Mauna Loa eruption: Hawaii Big Island volcano erupting as ash fall warnings issued

Hawaii Volcano Explainer
FILE – Molten rock flows from Mauna Loa, located on the south-central part of the island of Hawaii, on March 26, 1984. The ground is shaking and swelling at Mauna Loa, the largest active volcano in the world, indicating that it could erupt. Scientists say they don’t expect that to happen right away but officials on the Big Island of Hawaii are telling residents to be prepared in case it does erupt soon. (AP Photo/File) Uncredited/AP

Mauna Loa eruption: Hawaii Big Island volcano erupting as ash fall warnings issued

Mauna Loa, the world’s largest active volcano located in Hawaii, began erupting late Sunday night, prompting officials to issue a warning to residents who live in the surrounding area of possible lava flow.

Hawaii officials issued an emergency alert around 11:30 p.m. local time on Sunday, warning that a volcanic eruption had been detected inside Hawaii Volcanoes National Park near the summit caldera of Mauna Loa. Officials warned the eruption could cause volcanic gas and ash to be carried by the winds but confirmed “lava flows are contained within the summit area and are not threatening downslope communities.”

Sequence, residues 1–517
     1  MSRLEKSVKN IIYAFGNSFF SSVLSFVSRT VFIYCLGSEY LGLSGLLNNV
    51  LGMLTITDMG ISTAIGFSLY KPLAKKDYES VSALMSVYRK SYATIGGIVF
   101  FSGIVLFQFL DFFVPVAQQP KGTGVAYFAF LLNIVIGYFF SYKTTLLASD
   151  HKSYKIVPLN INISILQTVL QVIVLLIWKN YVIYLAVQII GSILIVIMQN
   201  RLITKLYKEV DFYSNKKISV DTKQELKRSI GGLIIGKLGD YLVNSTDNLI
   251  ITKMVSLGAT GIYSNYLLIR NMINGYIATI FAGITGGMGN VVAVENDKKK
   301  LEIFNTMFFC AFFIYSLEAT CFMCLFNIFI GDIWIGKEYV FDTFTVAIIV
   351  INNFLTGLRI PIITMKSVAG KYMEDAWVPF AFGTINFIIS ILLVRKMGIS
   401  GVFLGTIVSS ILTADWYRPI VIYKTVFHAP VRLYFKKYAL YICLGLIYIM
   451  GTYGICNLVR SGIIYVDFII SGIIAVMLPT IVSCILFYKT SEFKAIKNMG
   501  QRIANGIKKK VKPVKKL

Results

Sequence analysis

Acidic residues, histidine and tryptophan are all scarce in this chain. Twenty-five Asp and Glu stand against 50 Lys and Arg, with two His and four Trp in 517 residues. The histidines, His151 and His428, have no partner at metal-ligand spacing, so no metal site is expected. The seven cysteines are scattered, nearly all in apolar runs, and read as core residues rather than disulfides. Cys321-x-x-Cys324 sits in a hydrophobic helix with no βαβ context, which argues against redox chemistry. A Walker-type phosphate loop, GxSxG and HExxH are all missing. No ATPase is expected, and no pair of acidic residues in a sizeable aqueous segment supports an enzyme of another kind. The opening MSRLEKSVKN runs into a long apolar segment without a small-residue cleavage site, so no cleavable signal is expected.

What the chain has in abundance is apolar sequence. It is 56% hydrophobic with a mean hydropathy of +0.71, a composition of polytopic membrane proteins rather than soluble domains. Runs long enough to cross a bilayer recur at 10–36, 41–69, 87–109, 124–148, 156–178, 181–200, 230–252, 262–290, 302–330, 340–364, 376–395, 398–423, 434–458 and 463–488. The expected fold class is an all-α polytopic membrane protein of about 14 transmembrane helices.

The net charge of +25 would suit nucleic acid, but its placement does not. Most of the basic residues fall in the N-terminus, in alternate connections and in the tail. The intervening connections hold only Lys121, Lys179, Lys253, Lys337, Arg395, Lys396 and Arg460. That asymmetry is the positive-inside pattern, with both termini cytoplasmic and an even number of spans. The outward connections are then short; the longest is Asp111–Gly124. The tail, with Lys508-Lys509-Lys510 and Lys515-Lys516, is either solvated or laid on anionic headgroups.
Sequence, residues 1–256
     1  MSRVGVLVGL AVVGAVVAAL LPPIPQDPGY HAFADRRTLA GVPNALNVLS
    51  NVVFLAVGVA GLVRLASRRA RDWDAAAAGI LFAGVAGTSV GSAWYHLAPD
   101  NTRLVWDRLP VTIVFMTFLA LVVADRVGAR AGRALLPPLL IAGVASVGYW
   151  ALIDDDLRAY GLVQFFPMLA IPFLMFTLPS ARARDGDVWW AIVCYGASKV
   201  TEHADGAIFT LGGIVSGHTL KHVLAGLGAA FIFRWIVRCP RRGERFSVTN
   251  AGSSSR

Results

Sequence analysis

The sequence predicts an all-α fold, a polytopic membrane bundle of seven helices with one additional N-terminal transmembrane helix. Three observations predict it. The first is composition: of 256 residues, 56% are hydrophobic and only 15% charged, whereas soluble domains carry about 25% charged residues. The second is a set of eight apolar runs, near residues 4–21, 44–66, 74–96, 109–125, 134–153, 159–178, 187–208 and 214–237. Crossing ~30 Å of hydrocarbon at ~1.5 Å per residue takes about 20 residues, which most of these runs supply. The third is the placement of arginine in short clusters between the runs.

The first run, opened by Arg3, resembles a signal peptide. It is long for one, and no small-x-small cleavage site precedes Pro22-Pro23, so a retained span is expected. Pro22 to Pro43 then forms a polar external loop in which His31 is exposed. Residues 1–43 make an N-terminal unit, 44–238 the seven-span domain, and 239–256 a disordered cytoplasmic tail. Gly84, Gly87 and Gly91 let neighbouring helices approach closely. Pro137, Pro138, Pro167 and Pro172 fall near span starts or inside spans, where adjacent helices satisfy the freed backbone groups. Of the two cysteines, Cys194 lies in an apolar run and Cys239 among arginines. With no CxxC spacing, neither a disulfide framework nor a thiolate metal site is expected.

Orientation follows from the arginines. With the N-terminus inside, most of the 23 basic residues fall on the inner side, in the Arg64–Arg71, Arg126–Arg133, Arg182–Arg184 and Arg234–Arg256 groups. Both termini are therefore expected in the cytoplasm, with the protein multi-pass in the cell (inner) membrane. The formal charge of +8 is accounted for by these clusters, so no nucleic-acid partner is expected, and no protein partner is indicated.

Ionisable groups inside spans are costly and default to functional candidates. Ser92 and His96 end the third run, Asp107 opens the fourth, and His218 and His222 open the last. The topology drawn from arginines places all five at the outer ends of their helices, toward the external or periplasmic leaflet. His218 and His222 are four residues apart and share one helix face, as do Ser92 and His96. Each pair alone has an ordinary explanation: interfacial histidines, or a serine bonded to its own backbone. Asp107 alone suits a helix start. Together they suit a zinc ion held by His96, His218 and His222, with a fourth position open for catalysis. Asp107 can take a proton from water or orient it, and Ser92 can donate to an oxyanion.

“Residents at risk from Mauna Loa lava flows should review preparedness and refer to Hawai‘i County Civil Defense information for further guidance,” U.S. Geological Survey said in its warning to residents. “Based on past events, the early stages of a Mauna Loa eruption can be very dynamic and the location and advance of lava flows can change rapidly.”

The eruption comes after the active volcano was put into a “state of heightened unrest” due to a 5.0 earthquake that hit in mid-October. Although the volcano did not erupt in the immediate aftermath of the earthquake, it’s unclear whether that incident contributed to the eruption on Sunday.

Officials will continue monitoring the eruption and provide updates as things develop, according to the USGA.


Mauna Loa has erupted 33 times since 1843, with its last eruption being recorded in 1984. During that incident, lava flow from the volcano came within 4.5 miles of the island’s largest town, Hilo, according to USGS.

The Hawaiian Volcano Observatory will coordinate with other emergency management partners to monitor the volcanic activity, it said in the emergency alert. Officials also confirmed it will conduct an overflight to assess future hazards.

© 2022 Washington Examiner

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